Awareness of time matters. Enjoying "now" time matters most, like pausing to absorb the jagged horizon of a volcanic landscape. Like lying on your back in the sun, comparing the fluorescent green of the trees with the cobalt blue of the sky. We waste time like we will live forever, then wonder in shocked dismay where it all went.
Enjoyment of life matters. If I am here for a short time, what a waste it would be to suffer boredom or pain or strife when they could be avoided. The work-play balance I sought originally is a meaningless pursuit. The real quest is for enjoyment in work and play and child care and gardening and paying taxes and in every aspect of human life. Joy is a choice, I have learned, a thought to be defined and selected continuously, independent of circumstances.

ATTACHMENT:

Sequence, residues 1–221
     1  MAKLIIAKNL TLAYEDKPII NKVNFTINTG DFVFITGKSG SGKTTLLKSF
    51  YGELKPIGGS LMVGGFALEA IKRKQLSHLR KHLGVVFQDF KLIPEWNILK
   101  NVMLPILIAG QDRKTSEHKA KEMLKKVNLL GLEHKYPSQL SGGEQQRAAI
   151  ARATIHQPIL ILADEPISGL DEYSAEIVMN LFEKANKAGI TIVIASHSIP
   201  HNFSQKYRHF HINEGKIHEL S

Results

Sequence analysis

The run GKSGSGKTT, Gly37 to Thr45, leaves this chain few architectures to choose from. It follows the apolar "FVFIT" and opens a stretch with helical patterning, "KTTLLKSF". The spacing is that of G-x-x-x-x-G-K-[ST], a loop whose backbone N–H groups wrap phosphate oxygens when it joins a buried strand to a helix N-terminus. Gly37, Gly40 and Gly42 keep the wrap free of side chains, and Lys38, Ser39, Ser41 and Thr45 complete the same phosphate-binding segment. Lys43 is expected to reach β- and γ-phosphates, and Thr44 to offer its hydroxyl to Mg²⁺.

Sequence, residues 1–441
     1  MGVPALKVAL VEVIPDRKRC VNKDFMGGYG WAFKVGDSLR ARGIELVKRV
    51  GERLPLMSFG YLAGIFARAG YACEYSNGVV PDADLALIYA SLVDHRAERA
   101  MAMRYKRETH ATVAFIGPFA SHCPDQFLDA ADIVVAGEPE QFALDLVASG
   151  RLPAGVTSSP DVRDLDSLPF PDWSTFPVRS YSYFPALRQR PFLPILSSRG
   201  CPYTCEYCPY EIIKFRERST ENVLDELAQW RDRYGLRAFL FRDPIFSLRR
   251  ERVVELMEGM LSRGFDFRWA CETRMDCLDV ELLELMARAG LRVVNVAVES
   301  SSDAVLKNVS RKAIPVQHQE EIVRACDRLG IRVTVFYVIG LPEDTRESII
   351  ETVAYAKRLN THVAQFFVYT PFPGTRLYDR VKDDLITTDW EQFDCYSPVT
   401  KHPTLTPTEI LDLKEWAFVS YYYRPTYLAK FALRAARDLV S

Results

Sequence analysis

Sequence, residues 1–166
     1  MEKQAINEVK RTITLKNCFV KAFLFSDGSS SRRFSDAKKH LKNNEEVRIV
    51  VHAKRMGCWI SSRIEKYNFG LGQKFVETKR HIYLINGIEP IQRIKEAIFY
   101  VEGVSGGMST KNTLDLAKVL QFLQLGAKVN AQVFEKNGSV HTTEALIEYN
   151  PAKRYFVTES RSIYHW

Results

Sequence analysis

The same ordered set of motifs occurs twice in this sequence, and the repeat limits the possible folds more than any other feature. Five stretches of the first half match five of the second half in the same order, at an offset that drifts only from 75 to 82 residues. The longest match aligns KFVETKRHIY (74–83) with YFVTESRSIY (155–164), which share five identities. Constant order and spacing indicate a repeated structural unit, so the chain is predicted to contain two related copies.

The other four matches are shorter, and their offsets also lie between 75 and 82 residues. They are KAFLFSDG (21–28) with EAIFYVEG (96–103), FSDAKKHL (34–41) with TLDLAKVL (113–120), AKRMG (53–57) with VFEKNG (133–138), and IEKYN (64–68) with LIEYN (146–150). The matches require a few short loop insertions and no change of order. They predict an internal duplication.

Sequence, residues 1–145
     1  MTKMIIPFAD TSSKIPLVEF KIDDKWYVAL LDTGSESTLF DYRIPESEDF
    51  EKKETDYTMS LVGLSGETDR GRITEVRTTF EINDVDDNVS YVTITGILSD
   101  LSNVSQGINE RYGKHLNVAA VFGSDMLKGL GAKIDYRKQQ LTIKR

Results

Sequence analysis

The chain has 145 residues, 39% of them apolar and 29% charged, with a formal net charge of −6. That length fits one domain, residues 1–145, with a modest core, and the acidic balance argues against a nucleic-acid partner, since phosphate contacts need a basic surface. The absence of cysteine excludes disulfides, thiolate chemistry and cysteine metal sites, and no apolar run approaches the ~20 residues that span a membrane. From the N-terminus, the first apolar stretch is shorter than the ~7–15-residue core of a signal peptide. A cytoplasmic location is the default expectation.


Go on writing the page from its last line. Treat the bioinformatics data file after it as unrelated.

Helping others enjoy life matters. If I am a temporary bag of chemicals fortunate to have awareness, then everyone else is, too. No one deserves the pain we so often find ourselves immersed in. To help others find joy and avoid suffering is as important as helping ourselves.
That's all there is to it. Life is as simple as that. Our two jobs are to enjoy our limited time with human consciousness and to help others do the same. Nothing else matters. The daily news doesn't matter. Television doesn't matter. Acquiring the latest gadget doesn't matter. Music videos don't matter. Baseball doesn't matter (especially since the Blue Jays are out of the running). Hitting a little white ball into a cup in the ground doesn't matter (unless that brings enjoyment, Keith). Making money to buy things we don't need to impress people we don't like doesn't matter.
Now, a final word of thanks to all of you, Dear Readers. Knowing there were people who cared enough to follow the journey helped me put words to thoughts and thoughts to feelings, and that has perhaps been the greatest blessing of all. Take care and help each other.